Idaho State Stone
Like all quartzite, Idaho quartzite is a hard, medium-grained metamorphic rock. The high mica content of Idaho quartzite gives it a characteristic sheen and a tendency to form in easily separable layers less than an inch thick. Its color comes in an attractive earthy palette of yellows, browns, silver-grays, and off-whites.
REPRESENTATIVE OF IDAHO
While Idaho has not designated an official state stone, Idaho quartzite, also known as Rocky mountain quartzite or Oakley stone, has earned a name for itself as a distinctive, useful and attractive stone. A relative latecomer to the U.S. stone market, it has been quarried in the City of Rocks area of Idaho since the 1940s and is now marketed both across the U.S. and in Canada and Europe, lending some of Idaho’s rugged beauty to locations where it is installed.
Quartzite forms from metamorphism of sandstone. As its name suggests, quartzite is the stone relative of the mineral quartz; the chemical composition of quartzite, quartz, and sandstone is identical. The difference lies in how they form. Quartz is a mineral, growing in crystals. Sandstone is a sedimentary rock formed from sand (which is mostly tiny bits of quartz). When sandstone is subjected to high heat and pressure inside the earth, it forms quartzite, a stone with hardness and weather-resistance comparable to granite. Thus, most quartzite is favored as a building stone.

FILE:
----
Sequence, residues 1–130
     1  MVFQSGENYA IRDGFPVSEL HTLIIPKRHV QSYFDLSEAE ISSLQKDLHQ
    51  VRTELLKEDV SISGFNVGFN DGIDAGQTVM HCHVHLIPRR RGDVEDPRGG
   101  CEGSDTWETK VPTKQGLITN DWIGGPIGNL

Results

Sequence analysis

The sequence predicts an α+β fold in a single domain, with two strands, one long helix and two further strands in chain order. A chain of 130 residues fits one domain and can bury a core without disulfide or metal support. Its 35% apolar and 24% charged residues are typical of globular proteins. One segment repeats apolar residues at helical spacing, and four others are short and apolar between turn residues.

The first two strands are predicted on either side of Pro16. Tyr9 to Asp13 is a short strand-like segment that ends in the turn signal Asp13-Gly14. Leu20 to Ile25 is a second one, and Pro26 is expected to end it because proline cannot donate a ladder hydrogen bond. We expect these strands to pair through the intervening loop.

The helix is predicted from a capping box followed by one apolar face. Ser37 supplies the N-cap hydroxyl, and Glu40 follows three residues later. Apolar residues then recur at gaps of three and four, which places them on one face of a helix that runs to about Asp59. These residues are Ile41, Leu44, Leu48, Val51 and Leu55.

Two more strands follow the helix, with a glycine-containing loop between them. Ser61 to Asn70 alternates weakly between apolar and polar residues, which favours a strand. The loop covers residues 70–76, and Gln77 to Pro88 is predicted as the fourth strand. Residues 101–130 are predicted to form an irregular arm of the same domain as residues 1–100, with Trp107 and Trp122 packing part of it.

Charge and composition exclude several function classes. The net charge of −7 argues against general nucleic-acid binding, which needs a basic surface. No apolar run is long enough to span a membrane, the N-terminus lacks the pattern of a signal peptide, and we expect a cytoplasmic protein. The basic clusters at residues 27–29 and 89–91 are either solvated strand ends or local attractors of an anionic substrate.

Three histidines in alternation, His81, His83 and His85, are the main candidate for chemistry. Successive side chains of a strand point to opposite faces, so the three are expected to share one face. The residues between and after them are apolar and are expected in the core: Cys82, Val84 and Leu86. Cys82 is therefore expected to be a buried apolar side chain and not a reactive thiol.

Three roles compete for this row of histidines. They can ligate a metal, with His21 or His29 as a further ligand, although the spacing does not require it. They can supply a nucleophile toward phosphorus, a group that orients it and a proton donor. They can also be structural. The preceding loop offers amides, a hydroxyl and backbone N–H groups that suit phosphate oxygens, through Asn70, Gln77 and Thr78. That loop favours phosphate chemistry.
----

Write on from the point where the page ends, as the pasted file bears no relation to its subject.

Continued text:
Much of the Idaho quartzite, on the other hand, metamorphosed from sedimentary layers of sandstone interspersed with layers high in clay content. The high temperature and pressure that caused the quartz-rich sandstone to metamorphose into quartzite also transformed the clay layers into mica. The foliated structure of the stone, while not suitable for cutting massive blocks, gives it superior coverage as a veneer and paving material.
In 2006, four Idaho quarries produced 466,000 metric tons of crushed quartzite worth over $2 million. One quarry produced quartzite for dimension stone.
Being a metamorphic rock, quartzite occurs in areas that have been subjected to high temperature and pressure in geologic history. Not surprisingly, it is associated with mountains that have grown up at the convergence of tectonic plates.
Quartzite is found in many U.S. states from coast to coast, notably in Wisconsin, Idaho, Utah, and Arizona. North of the border in Ontario, Canada, quartzite makes up the Cloche Range of mountains. Significant surface formations of quartzite appear in the United Kingdom. The largest quartzite deposits are in Norway.
Apart from its use as a structural stone, typical quartzite is used as a decorative architectural element on walls, roofs, floors, and stairs. Idaho quartzite, as mentioned, is usually used in decorative architectural applications such as paving and stone cladding. Crushed quartzite is sometimes used in road construction. Industrial products made from quartzite are ferrosilicon (for steel production), industrial sand, silicon metal, and carborundum.
Chemical Formula: SiO2
Color: Occurs in an infinite range of colors. Most commonly white, purple, brown, and colorless
|Author: World Trade Press|